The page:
From Garbage to Gardens
Nonprofit grows gardens in low-income communities.
A garden full of fruits and vegetables is finding a new home in the middle of garbage-filled lot known for crime, thanks to the actions of one person who recognized his community’s needs.
Jesse Bryson, president and founder of I Will Mentorship Foundation in Fort Myers, Fla., works with low- income communities to engage residents in a broad range of gardening and nutrition education programs.
“In Fort Myers, if you think about the beach, you think about luxury. But if you think of the Harlem Lake community, you think of crime,” Jesse says. “It’s one of the poorest communities in the city. There is not a grocery store within a 10-mile radius of most residents. They don’t have access to organic foods because they are not affordable.”
That vacant lot will soon be home to a thriving garden. Using hydroponics and aquaponics in the organization’s lab, 500 pounds of fresh fish and 1,500 pounds of fruits and vegetables will be available every quarter.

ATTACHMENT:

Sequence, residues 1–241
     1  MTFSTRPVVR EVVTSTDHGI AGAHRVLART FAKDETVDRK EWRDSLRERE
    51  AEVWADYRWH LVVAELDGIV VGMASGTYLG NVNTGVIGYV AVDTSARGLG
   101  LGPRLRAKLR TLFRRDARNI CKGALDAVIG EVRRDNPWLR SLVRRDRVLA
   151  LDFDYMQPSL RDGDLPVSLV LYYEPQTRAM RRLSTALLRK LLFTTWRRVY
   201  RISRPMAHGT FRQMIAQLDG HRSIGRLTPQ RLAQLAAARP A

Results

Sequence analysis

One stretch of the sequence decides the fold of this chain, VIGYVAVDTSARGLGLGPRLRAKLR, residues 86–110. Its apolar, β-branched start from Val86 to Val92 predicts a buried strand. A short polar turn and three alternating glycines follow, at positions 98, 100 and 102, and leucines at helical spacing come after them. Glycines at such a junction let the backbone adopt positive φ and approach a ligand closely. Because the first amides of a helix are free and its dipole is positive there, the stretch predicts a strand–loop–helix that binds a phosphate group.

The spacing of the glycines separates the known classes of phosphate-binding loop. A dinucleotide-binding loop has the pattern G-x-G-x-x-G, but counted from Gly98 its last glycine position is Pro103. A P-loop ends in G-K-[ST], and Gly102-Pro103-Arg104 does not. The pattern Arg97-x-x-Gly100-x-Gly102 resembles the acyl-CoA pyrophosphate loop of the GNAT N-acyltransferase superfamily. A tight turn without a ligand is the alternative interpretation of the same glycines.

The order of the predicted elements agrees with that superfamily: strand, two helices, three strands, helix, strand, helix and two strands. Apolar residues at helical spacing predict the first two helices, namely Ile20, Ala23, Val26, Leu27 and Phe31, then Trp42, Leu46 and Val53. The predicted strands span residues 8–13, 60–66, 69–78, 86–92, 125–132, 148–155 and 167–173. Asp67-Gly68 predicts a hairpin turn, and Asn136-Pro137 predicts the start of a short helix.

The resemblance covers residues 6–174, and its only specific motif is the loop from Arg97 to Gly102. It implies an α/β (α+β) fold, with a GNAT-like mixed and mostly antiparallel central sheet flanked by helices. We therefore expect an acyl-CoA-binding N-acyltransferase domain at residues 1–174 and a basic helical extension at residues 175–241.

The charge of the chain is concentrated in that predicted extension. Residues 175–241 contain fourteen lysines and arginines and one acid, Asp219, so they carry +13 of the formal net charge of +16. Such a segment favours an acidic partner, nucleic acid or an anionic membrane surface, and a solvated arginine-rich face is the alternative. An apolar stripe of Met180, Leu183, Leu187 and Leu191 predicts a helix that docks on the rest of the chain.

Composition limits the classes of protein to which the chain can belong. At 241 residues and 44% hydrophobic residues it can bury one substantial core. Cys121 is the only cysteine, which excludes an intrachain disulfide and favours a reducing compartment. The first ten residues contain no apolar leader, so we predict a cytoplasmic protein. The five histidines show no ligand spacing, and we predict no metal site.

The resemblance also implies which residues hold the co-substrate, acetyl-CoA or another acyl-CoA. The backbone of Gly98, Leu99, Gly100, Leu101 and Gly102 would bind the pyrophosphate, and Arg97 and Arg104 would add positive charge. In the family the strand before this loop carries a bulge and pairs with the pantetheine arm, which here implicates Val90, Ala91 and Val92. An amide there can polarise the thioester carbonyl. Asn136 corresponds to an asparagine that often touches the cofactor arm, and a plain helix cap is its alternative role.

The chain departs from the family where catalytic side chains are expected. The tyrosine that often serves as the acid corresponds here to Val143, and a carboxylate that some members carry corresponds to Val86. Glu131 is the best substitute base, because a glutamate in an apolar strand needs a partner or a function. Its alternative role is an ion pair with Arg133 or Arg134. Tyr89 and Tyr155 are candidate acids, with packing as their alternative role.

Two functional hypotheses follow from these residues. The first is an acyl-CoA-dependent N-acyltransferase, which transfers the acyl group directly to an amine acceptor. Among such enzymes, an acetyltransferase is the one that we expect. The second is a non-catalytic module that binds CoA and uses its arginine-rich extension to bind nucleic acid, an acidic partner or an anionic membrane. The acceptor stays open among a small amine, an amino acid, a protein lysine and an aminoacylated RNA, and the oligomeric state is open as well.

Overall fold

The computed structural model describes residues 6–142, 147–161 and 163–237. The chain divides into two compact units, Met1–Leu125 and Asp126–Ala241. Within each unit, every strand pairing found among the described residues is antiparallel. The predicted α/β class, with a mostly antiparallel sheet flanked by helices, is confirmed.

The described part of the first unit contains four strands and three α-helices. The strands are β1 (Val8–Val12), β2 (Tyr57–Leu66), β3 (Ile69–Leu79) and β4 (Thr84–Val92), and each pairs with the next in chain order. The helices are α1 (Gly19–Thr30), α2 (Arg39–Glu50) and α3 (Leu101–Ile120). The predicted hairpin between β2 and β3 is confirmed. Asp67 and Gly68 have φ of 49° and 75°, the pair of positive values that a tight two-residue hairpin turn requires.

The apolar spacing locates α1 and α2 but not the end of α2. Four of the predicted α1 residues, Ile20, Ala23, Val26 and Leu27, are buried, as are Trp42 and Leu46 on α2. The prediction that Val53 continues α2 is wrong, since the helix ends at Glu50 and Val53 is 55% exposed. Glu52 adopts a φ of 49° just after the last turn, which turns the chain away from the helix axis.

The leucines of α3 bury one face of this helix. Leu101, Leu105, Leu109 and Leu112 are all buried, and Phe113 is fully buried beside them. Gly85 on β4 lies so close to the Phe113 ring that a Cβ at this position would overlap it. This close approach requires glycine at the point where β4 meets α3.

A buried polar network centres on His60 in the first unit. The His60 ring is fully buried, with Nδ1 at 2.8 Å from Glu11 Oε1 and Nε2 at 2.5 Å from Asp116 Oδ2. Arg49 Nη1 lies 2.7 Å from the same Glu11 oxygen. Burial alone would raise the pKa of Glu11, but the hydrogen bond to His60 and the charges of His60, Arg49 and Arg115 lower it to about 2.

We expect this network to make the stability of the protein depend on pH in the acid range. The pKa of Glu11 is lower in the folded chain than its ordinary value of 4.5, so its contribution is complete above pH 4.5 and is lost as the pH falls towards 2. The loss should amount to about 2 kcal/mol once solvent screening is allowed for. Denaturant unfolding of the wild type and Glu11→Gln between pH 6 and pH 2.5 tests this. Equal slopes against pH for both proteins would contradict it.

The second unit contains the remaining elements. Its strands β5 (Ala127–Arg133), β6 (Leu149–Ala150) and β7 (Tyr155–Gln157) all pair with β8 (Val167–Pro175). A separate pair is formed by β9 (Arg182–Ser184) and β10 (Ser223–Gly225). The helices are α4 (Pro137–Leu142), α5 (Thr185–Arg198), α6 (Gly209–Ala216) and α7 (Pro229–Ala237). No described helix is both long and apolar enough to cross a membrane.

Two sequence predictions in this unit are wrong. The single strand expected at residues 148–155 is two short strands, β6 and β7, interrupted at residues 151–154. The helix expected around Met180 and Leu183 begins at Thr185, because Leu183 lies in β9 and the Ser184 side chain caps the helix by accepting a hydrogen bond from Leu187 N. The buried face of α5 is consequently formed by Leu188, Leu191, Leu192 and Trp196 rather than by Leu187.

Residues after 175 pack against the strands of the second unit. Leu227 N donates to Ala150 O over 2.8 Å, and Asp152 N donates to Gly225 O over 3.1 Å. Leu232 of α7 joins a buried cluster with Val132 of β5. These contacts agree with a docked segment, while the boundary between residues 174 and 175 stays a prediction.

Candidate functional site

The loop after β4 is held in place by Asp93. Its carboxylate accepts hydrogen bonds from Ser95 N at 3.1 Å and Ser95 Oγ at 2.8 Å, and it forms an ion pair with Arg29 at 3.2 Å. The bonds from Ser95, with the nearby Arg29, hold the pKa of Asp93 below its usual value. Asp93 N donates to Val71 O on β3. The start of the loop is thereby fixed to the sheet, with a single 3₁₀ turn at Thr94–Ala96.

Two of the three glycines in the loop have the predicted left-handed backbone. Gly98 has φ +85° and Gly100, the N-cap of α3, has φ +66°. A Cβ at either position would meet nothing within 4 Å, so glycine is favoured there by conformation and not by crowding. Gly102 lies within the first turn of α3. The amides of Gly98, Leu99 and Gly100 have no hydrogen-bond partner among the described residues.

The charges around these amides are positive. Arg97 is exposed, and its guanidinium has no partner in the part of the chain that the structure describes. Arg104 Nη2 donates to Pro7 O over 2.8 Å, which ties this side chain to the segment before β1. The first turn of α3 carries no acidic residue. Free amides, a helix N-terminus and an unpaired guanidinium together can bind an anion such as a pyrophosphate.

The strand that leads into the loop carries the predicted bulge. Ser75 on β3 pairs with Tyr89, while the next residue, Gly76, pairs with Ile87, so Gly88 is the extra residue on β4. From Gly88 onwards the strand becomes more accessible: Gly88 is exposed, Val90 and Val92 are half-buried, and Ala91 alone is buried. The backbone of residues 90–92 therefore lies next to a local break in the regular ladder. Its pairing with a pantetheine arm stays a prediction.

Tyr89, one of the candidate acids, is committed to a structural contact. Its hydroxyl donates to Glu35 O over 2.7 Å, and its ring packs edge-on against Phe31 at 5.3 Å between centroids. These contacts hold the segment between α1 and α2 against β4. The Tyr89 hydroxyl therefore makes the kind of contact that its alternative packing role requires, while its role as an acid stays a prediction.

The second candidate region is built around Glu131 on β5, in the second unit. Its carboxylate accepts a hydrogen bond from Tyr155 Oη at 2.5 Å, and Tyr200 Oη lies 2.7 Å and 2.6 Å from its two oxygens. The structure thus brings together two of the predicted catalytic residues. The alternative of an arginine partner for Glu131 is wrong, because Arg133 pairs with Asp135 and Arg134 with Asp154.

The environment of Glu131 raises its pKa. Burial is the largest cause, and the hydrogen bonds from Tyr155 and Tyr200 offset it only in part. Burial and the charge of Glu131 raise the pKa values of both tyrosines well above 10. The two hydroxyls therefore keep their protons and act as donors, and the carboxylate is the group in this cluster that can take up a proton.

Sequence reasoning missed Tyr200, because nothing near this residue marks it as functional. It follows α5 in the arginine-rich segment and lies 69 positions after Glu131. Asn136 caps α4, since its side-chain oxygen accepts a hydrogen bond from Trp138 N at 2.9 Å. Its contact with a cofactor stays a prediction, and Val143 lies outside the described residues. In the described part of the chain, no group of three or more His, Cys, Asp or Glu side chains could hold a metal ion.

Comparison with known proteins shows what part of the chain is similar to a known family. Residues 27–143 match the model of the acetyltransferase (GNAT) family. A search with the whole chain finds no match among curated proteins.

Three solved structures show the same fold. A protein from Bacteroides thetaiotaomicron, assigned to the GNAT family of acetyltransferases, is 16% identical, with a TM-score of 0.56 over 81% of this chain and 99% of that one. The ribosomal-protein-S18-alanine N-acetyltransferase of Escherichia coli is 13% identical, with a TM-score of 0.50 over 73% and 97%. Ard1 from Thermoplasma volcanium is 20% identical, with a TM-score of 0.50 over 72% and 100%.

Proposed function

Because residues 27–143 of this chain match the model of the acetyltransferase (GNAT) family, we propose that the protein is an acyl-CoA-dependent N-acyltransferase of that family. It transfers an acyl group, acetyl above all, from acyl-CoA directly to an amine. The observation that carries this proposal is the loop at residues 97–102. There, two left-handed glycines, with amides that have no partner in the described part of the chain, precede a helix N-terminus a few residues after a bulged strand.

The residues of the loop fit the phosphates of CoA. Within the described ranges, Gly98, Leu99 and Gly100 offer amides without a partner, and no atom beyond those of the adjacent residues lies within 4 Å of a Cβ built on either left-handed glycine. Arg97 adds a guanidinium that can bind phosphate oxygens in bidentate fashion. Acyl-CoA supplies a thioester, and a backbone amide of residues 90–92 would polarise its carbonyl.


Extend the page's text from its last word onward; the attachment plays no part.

“This garden can show people a better way of life,” Jesse says.
Jesse says the $25,000 State Farm Neighborhood Assist® grant his organization received from State Farm® last year helped him to pursue this dream. “The grant allowed us to lay the foundation for a beautiful community.”
The 2018 State Farm Neighborhood Assist top 200 finalists have been chosen. The public can vote 10 times a day, every day for 10 days – Aug. 15-24 – for their favorite causes from the list of 200 finalists. Forty winning causes will be announced Sept. 25 and will be awarded $25,000 each.
To vote for your favorite cause, visit www.NeighborhoodAssist.com.